This International Women's Day, I'm drawing energy from the subversive cross-stitch movement. It's an energy fuelled by my eternal pottymouth and love for all things cheeky.
Could there possibly be a better way to channel my inner rage than a pretty pattern of embroidered expletives?
I'm clearly not alone. These cross-stitched patterns have activated a strong fanbase of women — women who sit in the C-suite by day and break out the needle and thread by night. I'd love to know: what is the secret power of subversive cross-stitch? What can this artsy-folksy craft teach us about the state of the women's movement today?
I'm a lifelong feminist, trained from the womb to run fast, work hard and go after my wildest dreams. But, it turns out, that's not the only training I received. When I recently told my own daughter that a certain boy teases her because he likes her, I realized the extent of the patriarchy that lies within.
Do I really believe that boys can do whatever they like to girls? Hell no. But I learned this somewhere. I learned it so deeply that years of activism haven't unlearned it.
I shouldn't be surprised. Like cross-stitching, the oppression of women follows a pattern — one that starts at home. Its multiple threads are stitched into our psyches from a very young age. We hear that "boys will be boys" and that "men have needs." We are told that we could be pretty if only we tried harder, or that we're being "too sensitive" when men bruise or break our bodies or our spirits.
With subversive cross-stitch, women are literally creating new patterns.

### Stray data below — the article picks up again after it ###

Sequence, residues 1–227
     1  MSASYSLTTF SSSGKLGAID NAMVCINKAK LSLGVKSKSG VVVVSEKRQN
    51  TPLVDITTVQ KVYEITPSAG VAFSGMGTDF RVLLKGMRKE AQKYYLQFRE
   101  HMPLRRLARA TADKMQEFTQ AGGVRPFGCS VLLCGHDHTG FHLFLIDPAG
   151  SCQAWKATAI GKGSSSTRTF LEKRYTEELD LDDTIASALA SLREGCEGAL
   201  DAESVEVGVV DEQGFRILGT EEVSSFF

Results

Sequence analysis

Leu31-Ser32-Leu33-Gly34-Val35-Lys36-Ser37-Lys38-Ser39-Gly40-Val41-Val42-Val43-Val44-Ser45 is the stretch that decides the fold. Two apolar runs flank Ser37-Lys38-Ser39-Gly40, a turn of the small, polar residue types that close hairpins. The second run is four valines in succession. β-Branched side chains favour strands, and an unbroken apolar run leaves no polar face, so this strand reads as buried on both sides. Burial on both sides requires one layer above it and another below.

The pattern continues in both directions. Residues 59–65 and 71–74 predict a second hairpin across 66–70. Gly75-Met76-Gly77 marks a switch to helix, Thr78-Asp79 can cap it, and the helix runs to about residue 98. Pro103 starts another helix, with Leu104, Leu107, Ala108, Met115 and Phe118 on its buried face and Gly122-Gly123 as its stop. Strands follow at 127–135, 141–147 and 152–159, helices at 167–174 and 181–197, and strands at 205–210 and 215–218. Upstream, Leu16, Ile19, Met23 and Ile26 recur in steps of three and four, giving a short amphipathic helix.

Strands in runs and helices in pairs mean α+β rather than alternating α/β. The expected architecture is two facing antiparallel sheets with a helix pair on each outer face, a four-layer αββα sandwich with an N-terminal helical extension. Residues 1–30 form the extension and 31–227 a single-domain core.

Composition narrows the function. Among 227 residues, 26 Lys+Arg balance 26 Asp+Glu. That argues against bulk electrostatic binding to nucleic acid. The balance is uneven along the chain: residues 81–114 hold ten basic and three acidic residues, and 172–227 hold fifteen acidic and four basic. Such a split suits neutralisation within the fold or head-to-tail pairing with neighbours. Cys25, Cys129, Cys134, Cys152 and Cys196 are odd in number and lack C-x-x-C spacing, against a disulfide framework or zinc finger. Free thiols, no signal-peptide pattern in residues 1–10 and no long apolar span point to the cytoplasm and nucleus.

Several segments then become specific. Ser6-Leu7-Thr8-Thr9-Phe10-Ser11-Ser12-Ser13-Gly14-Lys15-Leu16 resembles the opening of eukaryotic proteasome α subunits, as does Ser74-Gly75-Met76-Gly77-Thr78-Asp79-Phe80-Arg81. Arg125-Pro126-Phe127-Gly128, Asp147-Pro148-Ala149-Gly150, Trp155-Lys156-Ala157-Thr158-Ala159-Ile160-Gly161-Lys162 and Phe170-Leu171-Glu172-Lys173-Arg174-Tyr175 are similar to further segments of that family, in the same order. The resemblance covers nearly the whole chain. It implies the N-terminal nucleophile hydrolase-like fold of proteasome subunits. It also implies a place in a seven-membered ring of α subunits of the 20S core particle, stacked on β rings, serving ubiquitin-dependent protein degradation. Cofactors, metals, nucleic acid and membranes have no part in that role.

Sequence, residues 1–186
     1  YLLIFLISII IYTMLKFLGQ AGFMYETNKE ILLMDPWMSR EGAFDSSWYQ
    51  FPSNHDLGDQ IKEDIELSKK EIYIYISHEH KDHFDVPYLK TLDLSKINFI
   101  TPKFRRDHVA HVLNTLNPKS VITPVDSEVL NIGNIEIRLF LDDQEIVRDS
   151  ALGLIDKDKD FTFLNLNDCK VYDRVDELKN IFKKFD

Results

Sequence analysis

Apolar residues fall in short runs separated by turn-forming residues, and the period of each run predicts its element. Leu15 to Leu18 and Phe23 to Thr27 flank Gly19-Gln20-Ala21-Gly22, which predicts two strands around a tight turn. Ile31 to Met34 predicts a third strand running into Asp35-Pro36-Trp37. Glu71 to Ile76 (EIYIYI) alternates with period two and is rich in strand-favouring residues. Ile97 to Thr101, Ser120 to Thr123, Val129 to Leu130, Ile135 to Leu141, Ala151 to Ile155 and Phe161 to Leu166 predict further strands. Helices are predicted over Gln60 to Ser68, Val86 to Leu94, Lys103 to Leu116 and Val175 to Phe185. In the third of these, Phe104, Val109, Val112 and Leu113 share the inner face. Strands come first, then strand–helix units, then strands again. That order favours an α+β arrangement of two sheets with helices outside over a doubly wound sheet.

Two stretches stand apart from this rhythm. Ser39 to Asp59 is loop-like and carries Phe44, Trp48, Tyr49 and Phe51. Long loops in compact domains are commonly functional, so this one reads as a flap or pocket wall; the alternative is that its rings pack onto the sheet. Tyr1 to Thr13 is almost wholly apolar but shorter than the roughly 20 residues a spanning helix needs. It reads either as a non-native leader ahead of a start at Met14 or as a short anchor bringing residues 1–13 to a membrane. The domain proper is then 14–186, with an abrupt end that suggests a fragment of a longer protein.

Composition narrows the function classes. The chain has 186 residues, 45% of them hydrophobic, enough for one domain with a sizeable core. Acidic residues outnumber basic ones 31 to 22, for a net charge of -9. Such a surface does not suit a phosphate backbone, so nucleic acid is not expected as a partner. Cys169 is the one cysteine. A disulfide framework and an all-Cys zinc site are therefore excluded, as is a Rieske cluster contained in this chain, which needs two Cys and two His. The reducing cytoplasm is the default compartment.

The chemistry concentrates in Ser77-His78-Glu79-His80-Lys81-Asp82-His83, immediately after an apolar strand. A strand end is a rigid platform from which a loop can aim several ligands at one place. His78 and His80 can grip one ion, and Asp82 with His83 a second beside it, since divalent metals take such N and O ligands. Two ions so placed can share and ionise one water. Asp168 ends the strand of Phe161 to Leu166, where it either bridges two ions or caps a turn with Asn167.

This is bullshit. The worst kind.
With subversive cross-stitch, women are literally creating new patterns. This is the work that must be done if we ever hope to see equality for women and girls in our lifetime. And while subversive cross-stitch might be a newer phenomenon, the DIY (do-it-yourself) element of women's movements is not.
Women have long been organizing and changing hearts and minds in unconventional ways. Indeed, these strategies have been the Trojan horse that leads to enormous gains. I'm thinking about Buffy Sainte-Marie breastfeeding on Sesame Street, and Leymah Gbowee leading women in the sex strikes that brought peace to Liberia.
Subversive cross-stitch is just that — a Trojan horse. Women are using the disguise of "feminine" handicrafts to shatter long-held gender norms. And it's brilliant.
This International Women's Day — the biggest day of the year at The MATCH International Women's Fund — we're taking subversive cross-stitch to the next level. Our #RestingStitchFace campaign takes those pernicious phrases ("He only hurts you because he likes you," or "She has resting bitch face") and exposes them for what they are: attitudes and assumptions that are taught, learned, passed down from one generation to the next. They are harmful and they are dangerous.
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In this moment when women's movements are coming together, rising up and naming names like never before, we must not forget to examine what we have inherited and what we choose to keep.
Women are, indeed, smashing the patriarchy, one cross-stitch at a time. And this pottymouth couldn't be more $@!# pleased.
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